This is achieved by introducing a "lsmcontext" structure
which contains the context string, its length and the
"slot" number of the security module that created it.
The security_release_secctx() interface is changed,
replacing the (string,len) pointer pair with a lsmcontext

Patches 0015-0017 convert the security interfaces from
(string,len) pointer pairs to a lsmcontext pointer.
The slot number identifying the creating module is
added by the infrastructure. Where the security context
is stored for extended periods the data type is changed.

The Netlabel code is converted to save lsmblob structures
instead of secids in Patches 0018-0019.

Patch 0020 adds checks to the binder hooks which verify
that if both ends of a transaction use the same "display".

Patches 0021-0022 add addition data to the audit records
to identify the LSM specific data for all active modules.

Patches 0023-0024 add new interfaces for getting the
compound security contexts.

Finally, with all interference on the AppArmor hooks
removed, Patch 0025 removes the exclusive bit from
AppArmor. An unnecessary stub hook was also removed.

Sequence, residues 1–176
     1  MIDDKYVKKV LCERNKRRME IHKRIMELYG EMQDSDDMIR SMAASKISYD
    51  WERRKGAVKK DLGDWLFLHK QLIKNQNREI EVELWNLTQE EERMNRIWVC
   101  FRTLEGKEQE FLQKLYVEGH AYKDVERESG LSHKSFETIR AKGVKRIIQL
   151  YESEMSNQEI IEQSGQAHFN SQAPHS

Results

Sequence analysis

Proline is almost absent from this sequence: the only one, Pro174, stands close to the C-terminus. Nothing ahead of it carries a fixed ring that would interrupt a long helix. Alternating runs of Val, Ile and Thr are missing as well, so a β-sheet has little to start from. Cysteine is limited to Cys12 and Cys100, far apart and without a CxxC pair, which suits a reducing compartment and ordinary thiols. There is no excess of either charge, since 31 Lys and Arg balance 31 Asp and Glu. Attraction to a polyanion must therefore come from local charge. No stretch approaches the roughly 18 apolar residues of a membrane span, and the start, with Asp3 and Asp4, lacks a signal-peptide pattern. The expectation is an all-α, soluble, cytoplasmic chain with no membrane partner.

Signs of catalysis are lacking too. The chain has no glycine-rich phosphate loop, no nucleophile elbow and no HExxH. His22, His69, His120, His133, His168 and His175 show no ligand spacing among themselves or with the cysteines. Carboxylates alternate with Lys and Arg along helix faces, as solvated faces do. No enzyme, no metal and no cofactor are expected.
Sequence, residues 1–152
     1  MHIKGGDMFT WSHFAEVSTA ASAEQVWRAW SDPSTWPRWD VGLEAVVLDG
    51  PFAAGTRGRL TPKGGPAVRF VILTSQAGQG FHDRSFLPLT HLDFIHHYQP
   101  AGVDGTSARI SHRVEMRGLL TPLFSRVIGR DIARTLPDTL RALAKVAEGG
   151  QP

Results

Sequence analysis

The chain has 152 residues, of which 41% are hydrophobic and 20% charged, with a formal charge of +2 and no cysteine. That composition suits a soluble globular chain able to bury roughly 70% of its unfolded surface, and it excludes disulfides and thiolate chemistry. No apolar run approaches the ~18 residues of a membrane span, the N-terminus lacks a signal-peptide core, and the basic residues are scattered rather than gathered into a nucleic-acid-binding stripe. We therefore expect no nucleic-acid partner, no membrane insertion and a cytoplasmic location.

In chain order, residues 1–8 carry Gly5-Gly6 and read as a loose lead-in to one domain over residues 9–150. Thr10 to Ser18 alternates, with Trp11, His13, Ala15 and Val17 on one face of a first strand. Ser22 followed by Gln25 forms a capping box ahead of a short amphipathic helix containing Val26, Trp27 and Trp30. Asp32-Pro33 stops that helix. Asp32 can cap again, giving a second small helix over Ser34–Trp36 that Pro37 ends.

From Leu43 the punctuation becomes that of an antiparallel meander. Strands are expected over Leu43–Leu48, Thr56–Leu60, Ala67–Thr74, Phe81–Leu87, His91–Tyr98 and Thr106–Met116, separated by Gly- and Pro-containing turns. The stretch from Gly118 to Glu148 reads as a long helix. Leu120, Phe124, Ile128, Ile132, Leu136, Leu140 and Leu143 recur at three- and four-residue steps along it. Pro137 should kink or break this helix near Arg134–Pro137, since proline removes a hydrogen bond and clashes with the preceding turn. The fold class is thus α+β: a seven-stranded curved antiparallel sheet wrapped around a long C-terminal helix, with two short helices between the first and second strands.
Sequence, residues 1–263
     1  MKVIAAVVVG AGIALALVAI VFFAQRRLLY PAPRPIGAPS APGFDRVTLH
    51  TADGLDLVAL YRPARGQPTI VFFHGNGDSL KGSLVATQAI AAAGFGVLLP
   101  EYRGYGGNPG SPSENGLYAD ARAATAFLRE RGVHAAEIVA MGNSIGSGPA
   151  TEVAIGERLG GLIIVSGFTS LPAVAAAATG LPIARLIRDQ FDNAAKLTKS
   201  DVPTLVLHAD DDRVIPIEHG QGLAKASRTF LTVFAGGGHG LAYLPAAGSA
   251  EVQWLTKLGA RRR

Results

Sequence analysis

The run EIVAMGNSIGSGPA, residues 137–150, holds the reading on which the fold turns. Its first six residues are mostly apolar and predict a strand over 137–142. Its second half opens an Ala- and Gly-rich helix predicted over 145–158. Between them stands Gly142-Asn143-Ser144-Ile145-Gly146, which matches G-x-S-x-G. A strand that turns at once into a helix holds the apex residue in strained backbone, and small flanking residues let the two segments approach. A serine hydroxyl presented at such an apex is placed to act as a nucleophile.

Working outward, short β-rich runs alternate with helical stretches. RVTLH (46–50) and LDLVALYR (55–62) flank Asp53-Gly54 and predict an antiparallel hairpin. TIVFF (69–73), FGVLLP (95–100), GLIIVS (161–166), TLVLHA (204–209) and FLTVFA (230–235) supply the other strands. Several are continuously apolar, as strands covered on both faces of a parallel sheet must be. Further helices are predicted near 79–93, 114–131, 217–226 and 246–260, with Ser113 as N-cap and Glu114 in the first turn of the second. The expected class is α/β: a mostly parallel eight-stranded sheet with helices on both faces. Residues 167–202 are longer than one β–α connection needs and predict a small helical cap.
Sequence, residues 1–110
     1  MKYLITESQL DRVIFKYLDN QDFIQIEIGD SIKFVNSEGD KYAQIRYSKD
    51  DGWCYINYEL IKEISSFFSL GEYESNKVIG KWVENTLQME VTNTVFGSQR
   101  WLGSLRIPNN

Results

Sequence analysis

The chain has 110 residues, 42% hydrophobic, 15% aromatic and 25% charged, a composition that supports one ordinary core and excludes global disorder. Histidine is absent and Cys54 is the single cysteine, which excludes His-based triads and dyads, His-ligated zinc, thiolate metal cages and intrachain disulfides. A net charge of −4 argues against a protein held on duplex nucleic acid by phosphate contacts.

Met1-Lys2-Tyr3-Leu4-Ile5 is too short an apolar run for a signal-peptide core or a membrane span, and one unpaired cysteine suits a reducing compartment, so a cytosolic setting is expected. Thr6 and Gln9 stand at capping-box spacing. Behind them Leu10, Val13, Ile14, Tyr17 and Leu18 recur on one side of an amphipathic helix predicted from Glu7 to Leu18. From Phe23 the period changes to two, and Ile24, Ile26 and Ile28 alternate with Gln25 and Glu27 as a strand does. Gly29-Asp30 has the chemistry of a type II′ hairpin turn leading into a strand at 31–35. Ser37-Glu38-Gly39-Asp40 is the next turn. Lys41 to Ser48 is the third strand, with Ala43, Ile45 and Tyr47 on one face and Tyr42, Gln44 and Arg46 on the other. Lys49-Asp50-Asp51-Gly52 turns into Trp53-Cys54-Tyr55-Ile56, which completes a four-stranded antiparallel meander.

The Ubuntu project is using an earlier version of
this patchset in their distribution to enable stacking
for containers.

Performance measurements to date have the change
within the "noise". The sockperf and dbench results
are on the order of 0.2% to 0.8% difference, with
better performance being as common as worse. The
benchmarks were run with AppArmor and Smack on Ubuntu.


Signed-off-by: Casey Schaufler <casey@schaufler-ca.com>
 arch/alpha/include/uapi/asm/socket.h    |   1 +
 arch/mips/include/uapi/asm/socket.h     |   1 +
 arch/parisc/include/uapi/asm/socket.h   |   1 +
 arch/sparc/include/uapi/asm/socket.h    |   1 +
 drivers/android/binder.c                |  26 +-
 fs/ceph/xattr.c                         |   6 +-
 fs/nfs/nfs4proc.c                       |  22 +-
 fs/nfsd/nfs4xdr.c                       |  20 +-
 fs/proc/base.c                          |   2 +
 include/linux/audit.h                   |   1 +
 include/linux/cred.h                    |   3 +-
 include/linux/lsm_hooks.h               |  37 +-
 include/linux/security.h                | 175 ++++++++--
 include/net/af_unix.h                   |   2 +-
 include/net/netlabel.h                  |   8 +-
 include/net/scm.h                       |  15 +-
 include/uapi/asm-generic/socket.h       |   1 +
 kernel/audit.c                          |  72 +++-